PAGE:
Gordon Monson: Zach Wilson conjures a night to remember for BYU, and almost certainly a goodbye
BYU's Lopini Katoa stretches out for a catch late in the second quarter against Central Florida in the Boca Raton Bowl NCAA college football game Tuesday, Dec. 22, 2020, in Boca Raton, Fla. (Mike Stocker/South Florida Sun-Sentinel via AP)
It was a familiar-but-uncommon tale, a proper one, what BYU faced in the Boca Raton Bowl on Tuesday night at FAU Stadium, a few Zach Wilson bombs from South Florida’s beaches.
For just the sixth time this season, the Cougars ran into — as it turned out, ran over — a challenge from a semi-legitimate foe, this time the UCF Knights. And that challenge presented for them an opportunity, the chance to confirm their standing — in this case, to punctuate it in a postseason game — against an opponent that actually carried with it a dose of respect.
And that’s exactly what BYU did, in a way that was more pronounced than anyone had imagined. The final numbers up on the board: BYU 49, UCF 23.
And Wilson … he went, as the kids say, cray-cray.
He did more than that. He went out the door, into the warm Florida night, playing like a man headed for the NFL.
The junior quarterback, in bursts of brilliance, was saying goodbye to BYU with every throw — he’s almost certain to enter the draft, as he’s been projected as an early first-round pick — waving away with a performance to remember. He destroyed the UCF defense, throwing for 425 yards and three touchdowns, scampering for another two.
He had adequate help on attack — receivers finding openings everywhere, the offensive line giving Wilson an ample comfort zone and clearing the way for Tyler Allgeier to run for 173 yards.
It looked easy. It was easy.
The biggest question about the offense was: Where’s Jeff Grimes?
The O-coordinator was absent from the game.
BYU missed him not at all.
Even the defense did its part.
And so it was that a season shaped by and always played in the shadow of a pandemic, BYU having managed 11 regular-season games, but … really, it righteously played less than half that many legitimates — against Navy, Boise State, Houston, Coastal Carolina and San Diego State, was finished with one last convincer.
Another impressive showing against a team that was unlike many of the others, an opponent against which BYU didn’t know the result before it ever walked on the field.
This one took … oh, about four minutes.
By that time, the Cougars already were up, 14-zip, on their way to 21-0, and rolling. They led 35-10 at the half, having gained in excess of 400 yards, 330 of them coming off the arm of Wilson. Let us repeat, at … the … half.
This thing was as breezy as the warm ocean winds in Boca Raton.
And the Knights weren’t dogs. They came in at 6-3, representing the same program that had gone undefeated in 2017 and 12-1 in 2018, and that this season had dropped their three games by a combined 12 points. They lost to Cincinnati by three.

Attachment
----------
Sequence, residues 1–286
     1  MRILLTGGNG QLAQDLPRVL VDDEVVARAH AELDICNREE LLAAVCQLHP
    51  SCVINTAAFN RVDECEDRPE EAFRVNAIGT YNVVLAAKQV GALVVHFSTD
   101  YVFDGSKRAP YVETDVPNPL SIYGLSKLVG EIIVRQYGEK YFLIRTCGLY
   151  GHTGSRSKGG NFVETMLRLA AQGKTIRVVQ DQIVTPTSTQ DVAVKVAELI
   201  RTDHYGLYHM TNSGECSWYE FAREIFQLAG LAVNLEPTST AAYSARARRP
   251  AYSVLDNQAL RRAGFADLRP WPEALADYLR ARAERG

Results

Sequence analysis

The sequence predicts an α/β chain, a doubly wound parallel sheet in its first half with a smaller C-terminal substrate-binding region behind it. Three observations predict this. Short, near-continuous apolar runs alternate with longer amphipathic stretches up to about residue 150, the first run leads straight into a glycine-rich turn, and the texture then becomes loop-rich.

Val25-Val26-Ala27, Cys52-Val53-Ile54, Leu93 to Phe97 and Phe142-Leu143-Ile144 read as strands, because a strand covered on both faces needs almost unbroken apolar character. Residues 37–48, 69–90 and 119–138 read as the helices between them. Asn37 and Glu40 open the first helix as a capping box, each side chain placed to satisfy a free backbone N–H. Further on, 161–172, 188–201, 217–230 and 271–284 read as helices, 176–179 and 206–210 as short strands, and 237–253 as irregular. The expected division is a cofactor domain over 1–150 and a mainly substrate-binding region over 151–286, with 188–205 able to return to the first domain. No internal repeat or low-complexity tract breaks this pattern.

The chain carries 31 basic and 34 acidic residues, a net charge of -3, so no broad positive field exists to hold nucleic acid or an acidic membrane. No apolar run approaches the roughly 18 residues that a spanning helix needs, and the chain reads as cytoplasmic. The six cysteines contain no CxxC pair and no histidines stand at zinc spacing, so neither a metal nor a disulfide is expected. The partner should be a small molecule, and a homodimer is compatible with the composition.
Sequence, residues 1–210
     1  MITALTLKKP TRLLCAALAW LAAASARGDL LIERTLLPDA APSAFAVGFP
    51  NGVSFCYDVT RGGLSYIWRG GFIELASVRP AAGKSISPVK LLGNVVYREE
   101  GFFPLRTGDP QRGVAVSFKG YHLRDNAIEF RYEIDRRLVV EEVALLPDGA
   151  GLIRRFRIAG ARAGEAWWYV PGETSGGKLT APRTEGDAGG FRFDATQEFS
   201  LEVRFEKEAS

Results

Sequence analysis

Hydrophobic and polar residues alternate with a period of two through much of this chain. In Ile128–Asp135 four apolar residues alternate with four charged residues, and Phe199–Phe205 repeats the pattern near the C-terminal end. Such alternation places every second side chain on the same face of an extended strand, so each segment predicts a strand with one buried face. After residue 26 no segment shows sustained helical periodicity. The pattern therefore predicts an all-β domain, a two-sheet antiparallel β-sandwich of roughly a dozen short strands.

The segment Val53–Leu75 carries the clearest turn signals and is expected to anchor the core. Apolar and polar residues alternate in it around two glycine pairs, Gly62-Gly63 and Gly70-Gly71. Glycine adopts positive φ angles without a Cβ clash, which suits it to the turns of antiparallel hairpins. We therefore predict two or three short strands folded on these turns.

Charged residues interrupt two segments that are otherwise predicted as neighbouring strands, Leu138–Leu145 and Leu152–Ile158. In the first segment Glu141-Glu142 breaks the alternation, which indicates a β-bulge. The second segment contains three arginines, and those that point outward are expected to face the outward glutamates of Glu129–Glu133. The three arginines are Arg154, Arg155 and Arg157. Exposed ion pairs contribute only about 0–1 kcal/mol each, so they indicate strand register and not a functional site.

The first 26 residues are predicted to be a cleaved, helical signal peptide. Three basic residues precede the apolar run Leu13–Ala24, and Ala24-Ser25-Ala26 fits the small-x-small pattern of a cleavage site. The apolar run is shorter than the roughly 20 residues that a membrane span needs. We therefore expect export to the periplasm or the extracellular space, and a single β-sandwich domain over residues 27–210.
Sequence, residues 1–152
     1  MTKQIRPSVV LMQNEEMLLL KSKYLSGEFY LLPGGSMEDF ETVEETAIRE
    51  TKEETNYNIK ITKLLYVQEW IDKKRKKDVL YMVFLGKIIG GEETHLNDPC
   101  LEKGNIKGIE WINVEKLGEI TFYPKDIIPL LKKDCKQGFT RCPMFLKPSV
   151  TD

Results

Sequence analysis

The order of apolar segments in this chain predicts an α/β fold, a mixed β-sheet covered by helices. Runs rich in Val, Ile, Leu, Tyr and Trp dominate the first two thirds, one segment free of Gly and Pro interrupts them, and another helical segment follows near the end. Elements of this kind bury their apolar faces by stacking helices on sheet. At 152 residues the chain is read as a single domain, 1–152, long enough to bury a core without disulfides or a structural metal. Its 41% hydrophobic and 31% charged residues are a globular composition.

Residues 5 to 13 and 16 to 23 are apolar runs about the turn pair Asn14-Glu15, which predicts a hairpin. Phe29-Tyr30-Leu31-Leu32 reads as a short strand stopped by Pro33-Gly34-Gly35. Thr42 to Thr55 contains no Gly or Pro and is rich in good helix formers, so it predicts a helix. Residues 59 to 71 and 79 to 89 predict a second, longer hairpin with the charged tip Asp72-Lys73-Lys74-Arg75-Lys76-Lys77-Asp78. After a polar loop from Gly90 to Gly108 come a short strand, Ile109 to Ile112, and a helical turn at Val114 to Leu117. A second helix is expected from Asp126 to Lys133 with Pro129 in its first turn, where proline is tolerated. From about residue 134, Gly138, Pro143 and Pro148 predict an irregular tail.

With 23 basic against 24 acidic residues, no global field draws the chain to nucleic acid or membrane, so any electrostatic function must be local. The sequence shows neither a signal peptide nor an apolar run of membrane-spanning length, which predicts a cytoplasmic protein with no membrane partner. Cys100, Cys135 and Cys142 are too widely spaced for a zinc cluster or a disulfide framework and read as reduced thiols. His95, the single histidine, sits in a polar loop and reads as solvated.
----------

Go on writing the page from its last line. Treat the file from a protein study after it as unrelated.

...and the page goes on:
This was different than slapping around North Alabama or Texas State or Troy. Yes, we know the scrambled schedule was not BYU’s fault, but it had both benefited and dragged down the Cougars, simultaneously providing easy wins and forcing them to justify themselves, to take a distant road game against ranked Coastal Carolina two days before it was to be played, all to prove that their other success was more about them, less about the poor saps they so handily defeated.
And while UCF lacks the blue blood and bones of P5 teams like, say, Florida, it nonetheless was a considerable step up from 2020′s norm.
But just like it did against Boise State, BYU made the Knights look like all the rest.
The real difficulty here was always going to be stopping the UCF offense, which was highly ranked nationally, including being second in the country in yards gained per game — 586. A Cougar defense that had appeared vulnerable against Coastal Carolina, unable to stop long drives as the Chanticleers successfully played keep-away from Wilson, was up for the battle this time.
Most of the yards BYU allowed came late, by way of the arm of Dillon Gabriel, a rare quarterback whose compiled throwing stats — not necessarily his talent — were pretty much the equal of Wilson’s. UCF’s run game wasn’t able to keep drives alive, not enough to keep up.
This 11-1 BYU team will be remembered now as an exceptional one, led by an even more exceptional quarterback. That combination lifted the Cougars to a loftier position than they had enjoyed in a long time. A combo that might have done well against its original schedule — with all those P5 opponents on it — and much better than any BYU outfit could have since the program went independent.
Nobody will ever know with exactness about that. Guessing that it would will be a BYU claim, though, a standard, for years to come.
GORDON MONSON hosts “The Big Show” with Jake Scott weekdays from 2-7 p.m. on 97.5 FM and 1280 AM The Zone.